At 87, he is too frail to fly and doesn't like dealing with the throngs of fans who flock to the team sites.

    It reminds me of his quote when Yogi was asked why he quit eating at a popular restaurant.

    “No one goes there anymore,'' Yogi noted. “It's too crowded.''

  • Former Heisman winner Charles Woodson has been released by Green Bay to free up $10 million in cap money. It came one year after that year's Heisman runner-up Peyton Manning was let go by the Colts.

    It turned out OK for Manning as he was voted NFL Comeback Player of the Year and narrowly missed being NFL Player of the Year.

    Maybe Woodson can use Manning as inspiration to do the same.

  • Even though Dwight Freeney tortured Titans quarterbacks and offensive tackles for years, don't look for the Titans to pursue the free agent who was released by the Colts.

    His sack total has declined for three straight years and it's questionable how much gas he has left in the tank.

  • With all the NFL head coaching changes, two in particular struck comedian Chris Rock's not-so-funny bone.

    Andy Reid wins four games and everyone wants him,'' Rock said. “Lovie Smith won 10 games and can't get a job.''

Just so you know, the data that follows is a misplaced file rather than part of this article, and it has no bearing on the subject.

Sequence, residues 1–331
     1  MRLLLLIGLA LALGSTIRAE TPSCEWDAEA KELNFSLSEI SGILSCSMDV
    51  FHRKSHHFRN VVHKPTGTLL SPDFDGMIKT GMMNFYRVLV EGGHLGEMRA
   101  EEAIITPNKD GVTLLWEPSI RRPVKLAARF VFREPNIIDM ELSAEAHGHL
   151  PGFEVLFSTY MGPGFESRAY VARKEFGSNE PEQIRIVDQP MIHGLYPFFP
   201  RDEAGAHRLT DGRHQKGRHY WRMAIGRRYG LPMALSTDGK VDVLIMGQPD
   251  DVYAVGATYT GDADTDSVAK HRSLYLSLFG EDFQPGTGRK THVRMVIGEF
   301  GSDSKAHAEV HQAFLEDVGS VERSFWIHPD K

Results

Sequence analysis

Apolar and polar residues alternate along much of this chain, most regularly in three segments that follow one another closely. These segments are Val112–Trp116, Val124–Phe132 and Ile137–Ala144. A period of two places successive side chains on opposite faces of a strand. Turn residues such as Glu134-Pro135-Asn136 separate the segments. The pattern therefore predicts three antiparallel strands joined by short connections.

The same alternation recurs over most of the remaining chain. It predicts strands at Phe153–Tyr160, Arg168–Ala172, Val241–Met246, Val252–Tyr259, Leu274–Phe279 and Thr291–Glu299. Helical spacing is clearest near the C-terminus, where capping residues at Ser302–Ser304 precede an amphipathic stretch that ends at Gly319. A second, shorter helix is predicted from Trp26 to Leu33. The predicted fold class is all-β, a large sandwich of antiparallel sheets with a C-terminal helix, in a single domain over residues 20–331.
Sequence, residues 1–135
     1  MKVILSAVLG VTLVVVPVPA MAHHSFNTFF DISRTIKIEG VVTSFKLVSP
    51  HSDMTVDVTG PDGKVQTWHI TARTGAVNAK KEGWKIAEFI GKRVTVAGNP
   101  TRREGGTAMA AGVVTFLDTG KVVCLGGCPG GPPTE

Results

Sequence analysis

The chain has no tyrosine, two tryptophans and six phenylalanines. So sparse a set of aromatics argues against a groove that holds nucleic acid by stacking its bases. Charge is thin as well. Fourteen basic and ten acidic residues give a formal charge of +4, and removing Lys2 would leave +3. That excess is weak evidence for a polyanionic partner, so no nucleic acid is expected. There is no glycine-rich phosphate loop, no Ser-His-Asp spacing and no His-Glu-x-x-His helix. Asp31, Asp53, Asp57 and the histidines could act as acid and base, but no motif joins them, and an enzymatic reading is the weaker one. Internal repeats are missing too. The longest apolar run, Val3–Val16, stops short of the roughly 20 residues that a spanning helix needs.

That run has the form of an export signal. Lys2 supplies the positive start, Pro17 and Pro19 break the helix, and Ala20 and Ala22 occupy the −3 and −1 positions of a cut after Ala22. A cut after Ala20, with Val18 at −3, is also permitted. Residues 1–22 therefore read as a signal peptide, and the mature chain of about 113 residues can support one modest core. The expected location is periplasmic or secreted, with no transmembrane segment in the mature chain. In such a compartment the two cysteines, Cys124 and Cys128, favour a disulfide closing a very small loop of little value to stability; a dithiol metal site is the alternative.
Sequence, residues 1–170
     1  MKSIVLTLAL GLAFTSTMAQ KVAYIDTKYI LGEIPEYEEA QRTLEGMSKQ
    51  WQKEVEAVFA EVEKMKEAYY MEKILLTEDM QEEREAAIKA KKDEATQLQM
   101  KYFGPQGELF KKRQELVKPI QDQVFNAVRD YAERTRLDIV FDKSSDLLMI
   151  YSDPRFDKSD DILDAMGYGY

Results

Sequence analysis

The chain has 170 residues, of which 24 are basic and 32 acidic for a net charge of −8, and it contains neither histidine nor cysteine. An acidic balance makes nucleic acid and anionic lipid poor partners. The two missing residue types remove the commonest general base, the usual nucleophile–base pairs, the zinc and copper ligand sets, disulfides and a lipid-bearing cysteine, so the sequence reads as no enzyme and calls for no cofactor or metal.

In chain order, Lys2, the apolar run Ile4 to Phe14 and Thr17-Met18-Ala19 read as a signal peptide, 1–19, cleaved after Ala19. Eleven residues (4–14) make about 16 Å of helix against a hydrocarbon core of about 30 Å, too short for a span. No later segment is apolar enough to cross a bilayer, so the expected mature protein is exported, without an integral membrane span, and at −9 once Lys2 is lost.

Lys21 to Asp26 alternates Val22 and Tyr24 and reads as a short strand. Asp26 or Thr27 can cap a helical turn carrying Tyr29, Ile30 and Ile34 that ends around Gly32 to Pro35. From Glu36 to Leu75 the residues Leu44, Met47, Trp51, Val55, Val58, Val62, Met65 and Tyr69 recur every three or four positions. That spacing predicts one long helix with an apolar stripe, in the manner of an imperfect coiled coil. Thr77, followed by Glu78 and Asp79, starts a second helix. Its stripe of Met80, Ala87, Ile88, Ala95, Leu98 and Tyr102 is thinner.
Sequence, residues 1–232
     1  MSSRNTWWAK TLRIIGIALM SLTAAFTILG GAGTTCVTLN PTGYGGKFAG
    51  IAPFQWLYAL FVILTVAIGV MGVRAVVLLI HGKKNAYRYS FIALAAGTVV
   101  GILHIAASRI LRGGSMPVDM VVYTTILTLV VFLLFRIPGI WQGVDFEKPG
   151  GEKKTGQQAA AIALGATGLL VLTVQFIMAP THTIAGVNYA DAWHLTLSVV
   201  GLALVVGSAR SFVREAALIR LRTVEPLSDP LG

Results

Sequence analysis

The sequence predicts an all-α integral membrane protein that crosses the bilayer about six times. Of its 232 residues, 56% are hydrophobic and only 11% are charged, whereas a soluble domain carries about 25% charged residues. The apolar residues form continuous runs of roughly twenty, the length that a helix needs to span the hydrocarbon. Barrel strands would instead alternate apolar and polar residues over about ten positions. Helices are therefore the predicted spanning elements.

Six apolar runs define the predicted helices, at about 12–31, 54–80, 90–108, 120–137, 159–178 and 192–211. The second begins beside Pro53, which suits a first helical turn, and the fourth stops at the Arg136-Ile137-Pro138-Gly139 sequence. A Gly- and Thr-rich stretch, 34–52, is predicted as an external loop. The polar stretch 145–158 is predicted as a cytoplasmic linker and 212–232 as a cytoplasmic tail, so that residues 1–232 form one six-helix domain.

Makes one wonder.

  • Sports Illustrated's Peter King must work 36-hour days. How he finds the time to develop material for his must-read Monday Morning Quarterback column, is amazing.

    On the eve of the Super Bowl in New Orleans, King  was checking the weather in New Jersey, the site of next year's Super Bowl.

    It's scheduled for the open-air MetLife Stadium across the river from New York City, a choice that has been widely panned by critics.

    King found on Saturday at 6:30 p.m. Eastern, the time next year's game will kick off in East Rutherford, N.J., the temperature there was 27 degrees with a 10 mph wind from the West and a wind chill of 17. A light snow began to fall 90 minutes later.

    The NFL does a lot of things right, but awarding Super Bowls to NFL owners who build new stadiums is ludicrous. The traffic and weather in Jersey will likely produce a less than desired Super Bowl experience. There are also a large number of parties and other outdoor events that surround the Super Bowl.

    My favorite Super Bowl sites are 1. New Orleans 2. San Diego 3. Arizona.  My least favorite SB sites are 1. Detroit 2. Minneapolis 3. Atlanta.

    Despite having to see annual local stories about Nashville hosting a future Super Bowl, it's not on the NFL's radar. An open-air stadium, not enough hotel rooms, unpredictable weather would be the main reasons. Although they could advertise Nashville as the only city in the country where visitors can experience all four seasons in just one week here.